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A Strategy for Managing Multisystem Inflammatory Syndrome in Children

November 1, 2021

The clinical profile of multisystem-inflammatory syndrome in Children (MIS-C), a complication of COVID-19, the illness caused by the SARS-CoV-2 virus, continues to evolve. Patients often have elevated C-reactive protein (CRP), D-dimer, and troponin levels, experience symptoms across major organ systems, and in some cases become severely ill. Moreover, MIS-C manifests differently in younger patients than older ones. As studies emerge on the demographics, clinical presentations, and lab values specific to this condition, experts have been crafting algorithms to optimize testing in children suspected of having this novel inflammatory disorder.


The American College of Rheumatology (ACR) in recent draft clinical guidance devised a testing algorithm that outlines a two-tiered approach. ACR recommends that children with fever >38℃, an epidemiologic link to SARS-CoV-2, and two suggestive clinical features undergo further lab testing (tier 1 lab tests). Tier 1 tests include routine, easily accessible clinical labs such as complete blood count, comprehensive metabolic panel, erythrocyte sedimentation rate (ESR), CRP, and serology/polymerase chain reaction tests for SARS-CoV-2. If tier 1 lab tests results include CRP ≥5 or ESR≥40 and one suggestive lab feature such as neutrophilia or platelet count <150,000µL, the child should undergo tier 2 testing, which includes a more complex lab work up along with an EKG and echocardiogram.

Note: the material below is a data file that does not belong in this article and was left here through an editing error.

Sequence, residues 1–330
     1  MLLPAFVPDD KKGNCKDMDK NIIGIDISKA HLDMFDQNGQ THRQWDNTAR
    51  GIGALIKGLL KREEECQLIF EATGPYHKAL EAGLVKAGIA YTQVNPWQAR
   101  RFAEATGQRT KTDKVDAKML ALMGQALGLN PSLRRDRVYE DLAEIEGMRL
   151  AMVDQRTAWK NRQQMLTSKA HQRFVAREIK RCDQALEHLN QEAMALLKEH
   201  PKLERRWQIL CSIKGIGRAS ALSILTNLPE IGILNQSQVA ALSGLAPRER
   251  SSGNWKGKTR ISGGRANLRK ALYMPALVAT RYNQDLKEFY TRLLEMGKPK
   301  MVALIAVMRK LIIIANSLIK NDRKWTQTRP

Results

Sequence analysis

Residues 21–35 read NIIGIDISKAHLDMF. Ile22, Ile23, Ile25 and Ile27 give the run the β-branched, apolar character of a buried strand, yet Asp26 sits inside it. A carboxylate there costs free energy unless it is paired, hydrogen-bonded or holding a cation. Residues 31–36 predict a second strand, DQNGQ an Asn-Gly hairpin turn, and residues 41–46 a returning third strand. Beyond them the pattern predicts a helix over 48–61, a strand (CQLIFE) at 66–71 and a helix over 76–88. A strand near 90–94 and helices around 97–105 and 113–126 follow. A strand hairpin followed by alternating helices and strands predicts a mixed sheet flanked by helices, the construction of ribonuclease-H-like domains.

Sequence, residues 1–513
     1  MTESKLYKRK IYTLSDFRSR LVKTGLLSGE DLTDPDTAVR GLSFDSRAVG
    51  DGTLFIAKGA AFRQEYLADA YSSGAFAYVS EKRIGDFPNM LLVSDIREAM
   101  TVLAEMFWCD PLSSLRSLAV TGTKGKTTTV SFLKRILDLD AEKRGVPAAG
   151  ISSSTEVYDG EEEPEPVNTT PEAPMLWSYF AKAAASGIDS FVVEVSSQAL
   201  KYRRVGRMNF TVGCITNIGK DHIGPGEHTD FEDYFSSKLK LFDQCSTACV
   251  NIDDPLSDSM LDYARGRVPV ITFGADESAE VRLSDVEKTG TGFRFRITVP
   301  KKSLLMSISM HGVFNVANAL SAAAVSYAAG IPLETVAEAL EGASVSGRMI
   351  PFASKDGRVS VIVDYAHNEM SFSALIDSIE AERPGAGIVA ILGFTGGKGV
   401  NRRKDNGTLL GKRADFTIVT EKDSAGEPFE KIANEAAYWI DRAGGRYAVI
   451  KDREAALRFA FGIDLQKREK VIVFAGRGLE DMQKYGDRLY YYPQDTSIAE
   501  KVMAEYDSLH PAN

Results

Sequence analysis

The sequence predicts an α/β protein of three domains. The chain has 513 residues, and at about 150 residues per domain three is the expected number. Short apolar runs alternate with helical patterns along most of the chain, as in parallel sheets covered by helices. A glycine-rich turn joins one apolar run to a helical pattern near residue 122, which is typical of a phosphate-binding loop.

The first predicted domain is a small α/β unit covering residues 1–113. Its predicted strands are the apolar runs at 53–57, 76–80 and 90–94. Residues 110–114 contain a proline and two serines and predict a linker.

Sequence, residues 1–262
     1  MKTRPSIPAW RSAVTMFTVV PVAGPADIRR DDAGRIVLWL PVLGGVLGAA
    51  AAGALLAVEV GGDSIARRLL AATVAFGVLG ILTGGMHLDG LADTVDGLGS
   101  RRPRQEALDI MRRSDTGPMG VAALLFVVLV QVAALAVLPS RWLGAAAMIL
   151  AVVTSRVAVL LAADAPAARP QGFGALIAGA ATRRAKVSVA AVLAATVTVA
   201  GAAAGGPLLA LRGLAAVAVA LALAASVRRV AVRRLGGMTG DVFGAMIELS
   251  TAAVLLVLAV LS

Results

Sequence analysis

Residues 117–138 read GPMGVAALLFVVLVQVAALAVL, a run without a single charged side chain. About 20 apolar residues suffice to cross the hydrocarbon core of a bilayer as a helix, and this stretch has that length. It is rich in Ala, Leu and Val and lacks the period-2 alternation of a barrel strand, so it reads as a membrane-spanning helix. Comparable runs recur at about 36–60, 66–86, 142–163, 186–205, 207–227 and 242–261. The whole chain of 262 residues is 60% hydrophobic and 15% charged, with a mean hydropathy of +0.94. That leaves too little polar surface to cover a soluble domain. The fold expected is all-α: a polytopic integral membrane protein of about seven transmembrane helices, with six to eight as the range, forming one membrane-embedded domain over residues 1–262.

“The purpose of this two-tiered approach is to limit the number of patients who need to undergo a large and expensive diagnostic work up,” said Lauren Henderson, MD, MMSc, an attending rheumatologist at Boston Children's Hospital who heads the ACR’s MIS-C task force. “In children who are very sick (with shock), tier 1 and tier 2 testing should be done in all cases.”